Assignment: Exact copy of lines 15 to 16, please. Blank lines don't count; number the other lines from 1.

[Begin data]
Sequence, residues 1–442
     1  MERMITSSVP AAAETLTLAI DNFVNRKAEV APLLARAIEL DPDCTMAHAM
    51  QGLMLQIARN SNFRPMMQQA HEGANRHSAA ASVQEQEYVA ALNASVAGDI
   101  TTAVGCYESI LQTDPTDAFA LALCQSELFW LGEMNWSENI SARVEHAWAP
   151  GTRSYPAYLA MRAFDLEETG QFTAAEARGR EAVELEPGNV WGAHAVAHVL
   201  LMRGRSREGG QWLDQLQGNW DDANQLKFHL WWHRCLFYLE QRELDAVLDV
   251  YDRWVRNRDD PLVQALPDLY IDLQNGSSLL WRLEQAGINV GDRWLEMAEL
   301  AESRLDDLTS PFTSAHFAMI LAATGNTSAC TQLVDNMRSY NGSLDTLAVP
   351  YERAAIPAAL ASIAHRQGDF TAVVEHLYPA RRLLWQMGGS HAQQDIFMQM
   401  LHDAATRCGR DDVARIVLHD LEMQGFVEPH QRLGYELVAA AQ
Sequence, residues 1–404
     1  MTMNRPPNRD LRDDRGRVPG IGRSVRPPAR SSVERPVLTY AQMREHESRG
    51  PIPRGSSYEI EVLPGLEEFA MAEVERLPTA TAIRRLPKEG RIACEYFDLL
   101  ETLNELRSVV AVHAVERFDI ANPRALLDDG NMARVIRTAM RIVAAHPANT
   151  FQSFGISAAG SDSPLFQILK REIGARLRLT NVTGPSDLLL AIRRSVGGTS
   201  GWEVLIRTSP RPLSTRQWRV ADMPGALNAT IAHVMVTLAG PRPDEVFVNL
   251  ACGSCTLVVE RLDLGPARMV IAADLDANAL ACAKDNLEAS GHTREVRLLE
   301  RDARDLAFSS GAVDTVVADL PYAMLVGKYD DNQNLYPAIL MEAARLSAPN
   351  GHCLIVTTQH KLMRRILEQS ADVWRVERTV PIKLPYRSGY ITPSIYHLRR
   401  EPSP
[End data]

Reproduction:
   151  FQSFGISAAG SDSPLFQILK REIGARLRLT NVTGPSDLLL AIRRSVGGTS
   201  GWEVLIRTSP RPLSTRQWRV ADMPGALNAT IAHVMVTLAG PRPDEVFVNL